Saturday 26th September
What a 'p.h.u.q.'-ing great Friday night at Shepherd's Bush Empire with The Wildhearts, the final evening of a trek to celebrate the 20th anniversary of the album of the same name. The sound was very disappointing for my first encounter with Ginger's 'other band', Hey! Hello! (Hollis Mahady's vocals and lead guitar of stand-in member Chris Catalyst way too low in the mix) but by the time they got it right with new song 'Don't Stop Loving The Music' and 'Swimwear', their happy, dayglo powerpop hit the bullseye. I will deffo do my best to see them as headliners in December.
The front of house mix improved drastically for Baby Chaos, the Glaswegians who are back after 17 years away. I found them heavier, darker and more idiosyncratic than HH but, obviously, save for moments such as golden oldie 'Love Your Self Abuse' and 'Have Faith In Yourself' (the latter from the brilliant-titled comeback album, 'Skulls, Skulls, Skulls, Show Me The Glory') considerably less memorable.
Partly as a consequence of a recent interview given to me by Ginger Wildheart, doubts had been raised regarding the long-term future of the Wildhearts ("Something personal [has] happened that affected some band members' relationships, or, more to the point, mine with them," he told me before the current tour took place. "But I'm not going into [the details] in public"). Whatever the problems, nobody would have guessed. Body language seemed fine, and the band lapped up the tidal waves of appreciation that flowed from the audience to the stage.
As advertised, the 'p.h.u.q.' album was performed in its entirety, a few filler tracks surfacing among the gems. "We had too much time and cocaine in the studio, so we'd write silly little pieces of incidental music," explained Ginger cheerfully, but such moments were few and far between. And the main event was followed by a gargantuan 40-minute, ten-song encore: 'Weekend (5 Long Days)', 'Everlone', 'Suckerpunch ', 'Red Light - Green Light', 'Anthem', 'Geordie in Wonderland', 'Mazel Tov Cocktail', 'Sick Of Drugs', '29 x The Pain' and drummer Ritch Battersby's party piece, 'The Duck Song'. Best of all, Ginger said: "I doubt very much this will be our final tour."
Friday 25th September
There were quite a few gigs in London last night. I chose Mike Tramp at the Black Heart. The former White Lion/Freak Of Nature singer is now 53 and has a lifetime of stories. His backing band, a Danish trio called Lucer who also opened the show, weren't even born when White Lion were having hits.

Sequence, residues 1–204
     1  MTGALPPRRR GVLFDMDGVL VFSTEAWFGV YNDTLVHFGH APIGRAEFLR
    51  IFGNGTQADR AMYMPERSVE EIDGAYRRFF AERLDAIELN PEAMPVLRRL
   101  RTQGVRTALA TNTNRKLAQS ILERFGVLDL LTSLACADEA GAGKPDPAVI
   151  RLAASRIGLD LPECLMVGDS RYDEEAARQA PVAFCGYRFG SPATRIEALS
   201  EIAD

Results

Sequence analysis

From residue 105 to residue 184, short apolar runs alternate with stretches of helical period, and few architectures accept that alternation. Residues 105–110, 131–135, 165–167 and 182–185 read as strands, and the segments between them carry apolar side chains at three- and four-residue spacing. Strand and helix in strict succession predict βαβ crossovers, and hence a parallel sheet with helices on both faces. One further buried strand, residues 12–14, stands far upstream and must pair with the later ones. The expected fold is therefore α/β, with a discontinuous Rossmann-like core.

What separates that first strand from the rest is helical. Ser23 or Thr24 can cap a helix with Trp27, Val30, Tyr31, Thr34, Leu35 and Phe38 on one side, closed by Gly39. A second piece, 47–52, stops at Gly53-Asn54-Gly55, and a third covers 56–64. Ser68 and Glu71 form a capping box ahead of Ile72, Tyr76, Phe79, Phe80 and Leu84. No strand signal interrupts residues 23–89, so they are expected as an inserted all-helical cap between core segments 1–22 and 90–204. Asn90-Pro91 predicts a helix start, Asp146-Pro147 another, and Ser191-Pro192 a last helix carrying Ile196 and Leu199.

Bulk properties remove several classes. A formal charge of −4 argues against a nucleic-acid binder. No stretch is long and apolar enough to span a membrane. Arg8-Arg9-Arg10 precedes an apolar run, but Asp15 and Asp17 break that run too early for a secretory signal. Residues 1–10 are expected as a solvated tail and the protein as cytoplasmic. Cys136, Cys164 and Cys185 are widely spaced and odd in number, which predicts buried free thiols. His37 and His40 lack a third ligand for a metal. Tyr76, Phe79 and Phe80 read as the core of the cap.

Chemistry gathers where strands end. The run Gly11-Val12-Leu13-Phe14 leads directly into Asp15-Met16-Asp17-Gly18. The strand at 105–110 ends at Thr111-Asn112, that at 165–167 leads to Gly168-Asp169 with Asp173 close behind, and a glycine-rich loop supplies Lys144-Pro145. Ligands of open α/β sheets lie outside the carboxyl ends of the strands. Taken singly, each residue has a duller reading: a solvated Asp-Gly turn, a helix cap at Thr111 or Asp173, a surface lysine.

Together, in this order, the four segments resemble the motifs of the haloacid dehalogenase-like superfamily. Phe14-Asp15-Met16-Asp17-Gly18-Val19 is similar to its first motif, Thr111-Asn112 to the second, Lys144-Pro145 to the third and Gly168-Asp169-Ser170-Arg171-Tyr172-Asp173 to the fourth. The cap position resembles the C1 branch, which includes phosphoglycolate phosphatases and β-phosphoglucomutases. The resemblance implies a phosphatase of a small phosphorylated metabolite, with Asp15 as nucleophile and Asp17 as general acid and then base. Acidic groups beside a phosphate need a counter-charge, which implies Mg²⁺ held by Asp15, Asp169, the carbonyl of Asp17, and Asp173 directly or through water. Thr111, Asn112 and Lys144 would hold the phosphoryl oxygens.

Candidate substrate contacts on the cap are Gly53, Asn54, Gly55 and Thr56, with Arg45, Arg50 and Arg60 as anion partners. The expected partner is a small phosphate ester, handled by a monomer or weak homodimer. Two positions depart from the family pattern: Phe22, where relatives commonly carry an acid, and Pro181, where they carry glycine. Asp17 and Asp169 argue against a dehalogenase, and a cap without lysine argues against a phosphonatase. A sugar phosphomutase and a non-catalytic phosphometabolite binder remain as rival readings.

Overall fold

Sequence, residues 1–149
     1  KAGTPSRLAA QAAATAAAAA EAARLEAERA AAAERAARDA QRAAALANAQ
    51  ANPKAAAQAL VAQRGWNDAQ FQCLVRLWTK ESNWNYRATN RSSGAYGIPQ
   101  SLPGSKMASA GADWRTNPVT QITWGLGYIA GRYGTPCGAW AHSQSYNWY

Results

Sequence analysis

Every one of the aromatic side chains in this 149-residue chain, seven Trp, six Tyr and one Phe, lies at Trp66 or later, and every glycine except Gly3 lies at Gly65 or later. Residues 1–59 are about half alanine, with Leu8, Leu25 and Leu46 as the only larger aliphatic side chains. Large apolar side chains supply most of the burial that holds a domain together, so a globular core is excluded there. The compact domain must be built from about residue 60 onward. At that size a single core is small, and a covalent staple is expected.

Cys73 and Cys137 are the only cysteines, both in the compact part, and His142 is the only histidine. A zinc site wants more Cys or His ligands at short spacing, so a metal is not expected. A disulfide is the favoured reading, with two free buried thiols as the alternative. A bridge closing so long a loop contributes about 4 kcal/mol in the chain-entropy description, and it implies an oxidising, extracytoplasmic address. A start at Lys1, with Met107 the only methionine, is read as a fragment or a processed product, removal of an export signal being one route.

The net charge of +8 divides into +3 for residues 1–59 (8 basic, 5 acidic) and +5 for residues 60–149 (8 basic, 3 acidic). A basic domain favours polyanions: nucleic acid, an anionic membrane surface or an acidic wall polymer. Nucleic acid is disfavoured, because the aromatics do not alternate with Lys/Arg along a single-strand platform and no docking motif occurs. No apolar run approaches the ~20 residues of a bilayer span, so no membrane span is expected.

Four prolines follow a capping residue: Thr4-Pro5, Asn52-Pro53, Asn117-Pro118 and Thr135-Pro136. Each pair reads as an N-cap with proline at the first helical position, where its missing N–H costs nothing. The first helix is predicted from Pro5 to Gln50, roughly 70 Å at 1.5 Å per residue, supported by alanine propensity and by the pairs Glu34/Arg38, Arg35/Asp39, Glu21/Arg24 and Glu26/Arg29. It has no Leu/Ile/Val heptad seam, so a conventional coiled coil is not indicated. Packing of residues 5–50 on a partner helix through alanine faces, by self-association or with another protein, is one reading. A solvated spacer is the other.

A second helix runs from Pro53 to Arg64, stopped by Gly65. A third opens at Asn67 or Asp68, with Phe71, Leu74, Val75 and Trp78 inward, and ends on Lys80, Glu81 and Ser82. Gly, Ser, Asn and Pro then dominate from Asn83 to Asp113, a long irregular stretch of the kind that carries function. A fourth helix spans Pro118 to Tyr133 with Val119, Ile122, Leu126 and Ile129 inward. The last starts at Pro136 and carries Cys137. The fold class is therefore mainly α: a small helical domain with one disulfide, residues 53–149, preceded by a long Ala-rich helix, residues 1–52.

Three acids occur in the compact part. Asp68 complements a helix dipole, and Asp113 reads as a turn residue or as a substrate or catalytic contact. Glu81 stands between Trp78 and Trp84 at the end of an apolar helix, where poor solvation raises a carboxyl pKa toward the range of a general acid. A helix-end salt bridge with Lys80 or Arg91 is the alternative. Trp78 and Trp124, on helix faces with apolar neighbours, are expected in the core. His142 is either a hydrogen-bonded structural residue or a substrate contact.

Along with WL and FON numbers the repertoire spanned Tramp's solo years, including selections from the excellent new disc 'Nomad' ('High Like A Mountain', 'Revolution', 'Wait Till Forever' and 'Give It All You Got'). Reminding us how far Tramp has moved on from his hair metal days, the title cut of 'Cobblestone Street' album was suitably Tom Petty-esque and he paid tribute to his hero Phil Lynott by dropping a snippet of Lizzy's 'The Sun Goes Down' in to 'More To Life Than This' and returning for an encore of 'Southbound'.
Of course there was chat in abundance, including Tramp reminiscing about the "special moment" of buying a vinyl album, cranking up the amplifier, placing the disc onto the turntable and dropping the needle for the first time. "Those times are gone but we keep them in our heart forever, they were golden, glorious days."
During two and a quarter hours of music and chat he candidly recalled the grunge purge; why some bands got away with it and others – including his own – didn't deserve to. "There's no time limit anymore, rock stars can be 73 years old and still wear tight pants," he theorized before 'When The Children Cry'. "Rock 'n' roll is what keeps us alive." Amen.
Thursday 24th September
Eddie and I took in few cold 'uns in the Victory Club with our pals Richard Thompson and Belinda Bullick before last night's League Cup clash with Clowntown Pathetic. Picking up a copy of the Standard on the train to Selhurst I was amused to note that their captain had said: "When the draw [against Palace] came out we rubbing our hands together." What utter foolishness. We wondered whether said buffoon would be feeling quite so boastful at 9.45pm, and of course... he wasn't. Dwight Gayle scored a hat-trick as the Eagles cruised aimlessly into the hat for the next round by four goals to one (the Clowns' token effort handed to them on a silver platter from CPFC's hapless keeper Wayne Hennessey. Bring back Jules – NOW!).
As the Clowns fans proceeded to throw their toys out of the prams in the streets around the ground – these people have no class whatsoever – our party returned to the Victory for celebratory drinkies. So it's Man City away in the fourth round, eh? A toughie, of course… but that's a challenge for another day. My late night Facebook post seemed to say it all: "Charlton you are the worst allegedly professional team in London. Tonight you were SHAFTED! Palace are number one in South London and no mistake!"
BTW, someone on CPFC's discussion board has just pointed out that since Pardew left Newcastle for Selhurst last December the Magpies have accrued a mere 14 points! Despite the second-highest net spend (£46.02m) in the Premier League during the summer. Ain't that shocking? Toon's plight isn't attributable to Pards, of course, far from it… but there's gotta be a little truth in the adage: Beware what you wish for.